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Max's Story

The Full Story

Max McKenzie

Max was awesome. He was a feisty, strong, independent, very loud kid. He didn't stop talking. He talked nonstop. And he always had an opinion about everything. And his opinion was always heard. He made sure everyone heard it, but he was also extremely kind, and he had lots of great friends. He made friends easily. And he loved life. He loved being busy. He loved everything. Max loved the next adventure and was always looking for the next adventure. He was excited about life. He was good at talking to people. He could have a conversation with anybody..

He could absolutely talk to anyone about anything. And it wasn't scared to talk to anyone. He would go up to a stranger if he thought that he could tell them something that they wanted to hear, and he had the confidence to do that. He was extremely confident. You know, he would audition for school musicals when he knew he couldn't really sing very well.


And it didn't bother him because he just wanted a role. And somehow, he always got a role that didn't involve singing or it involved something else. And he would give anything a go.

On 6 August 2021, Max was staying with his grandma as he did once a week for a long time. It was COVID lockdown number five, day one. And he went home from school that day to his grandma as planned. While staying there, he inadvertently consumed some finely ground walnuts that were in an apple crumble. Max became itchy and he started to get symptoms of asthma. His grandma immediately telephoned Tamara.

Tamara’s mum explained that Max was having an allergic reaction. She didn't know what it was to, at that stage, but explained that Max had just eaten an apple crumble. Tamara spoke to Max on the phone and reassured him that she would be there shortly. Max said that he was okay and was about to have a shower.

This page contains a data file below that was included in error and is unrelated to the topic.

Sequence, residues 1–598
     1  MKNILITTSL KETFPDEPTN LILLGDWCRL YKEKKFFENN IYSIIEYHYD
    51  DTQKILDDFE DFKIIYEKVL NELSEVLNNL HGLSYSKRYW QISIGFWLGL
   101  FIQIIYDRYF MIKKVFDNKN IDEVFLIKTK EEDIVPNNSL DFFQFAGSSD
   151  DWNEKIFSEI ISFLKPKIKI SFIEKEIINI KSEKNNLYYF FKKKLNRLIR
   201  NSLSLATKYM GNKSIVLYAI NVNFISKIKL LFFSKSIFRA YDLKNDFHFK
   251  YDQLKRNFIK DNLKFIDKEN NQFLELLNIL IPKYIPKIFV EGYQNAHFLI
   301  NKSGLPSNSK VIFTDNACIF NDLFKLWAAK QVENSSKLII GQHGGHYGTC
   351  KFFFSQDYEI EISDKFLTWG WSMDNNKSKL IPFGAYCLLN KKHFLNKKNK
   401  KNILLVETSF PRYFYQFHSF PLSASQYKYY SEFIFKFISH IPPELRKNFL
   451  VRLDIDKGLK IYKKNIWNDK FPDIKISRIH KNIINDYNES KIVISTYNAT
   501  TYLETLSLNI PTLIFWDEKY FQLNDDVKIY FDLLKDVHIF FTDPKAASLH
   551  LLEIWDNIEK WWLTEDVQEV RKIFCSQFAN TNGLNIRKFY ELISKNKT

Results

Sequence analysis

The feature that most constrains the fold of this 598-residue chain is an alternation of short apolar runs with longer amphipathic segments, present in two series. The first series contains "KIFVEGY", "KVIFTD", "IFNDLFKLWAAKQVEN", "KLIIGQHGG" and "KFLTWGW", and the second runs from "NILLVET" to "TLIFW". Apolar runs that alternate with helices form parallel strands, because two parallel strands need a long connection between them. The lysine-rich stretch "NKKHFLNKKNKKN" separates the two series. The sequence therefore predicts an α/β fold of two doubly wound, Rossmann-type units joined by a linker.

After Tamara arrived, she and Max agreed that Max was having a slight problem breathing so MAx gave himself the EpiPen and Tamara called 000. The ambulance arrived 7 minutes later. The paramedics asked Max some questions and he answered them coherently.

When paramedics arrived to assess Max, Max's oxygen levels were 100% and he's able to talk in sentences. He was able to tell the paramedics that his asthma was due to anaphylaxis.


At the beginning, the paramedic said, “Looks like you've got asthma, Max”, but Max was able to explain that it was anaphylaxis because it was so sudden in onset.

He was able to give his own diagnosis, which was important. Max was transferred to the ambulance and was still chatting and talking. Tamara rode in the ambulance with Max. Soon after they left the grandmother’s house, Max yelled out to Tamara that he “didn't want to die”.

The paramedics had been with Max for half an hour when Max suffered a respiratory arrest in the ambulance. Up to that time, he had undergone a linear deterioration in terms of his oxygen levels going down and his difficulty breathing going up, until he reached the point of their compensation.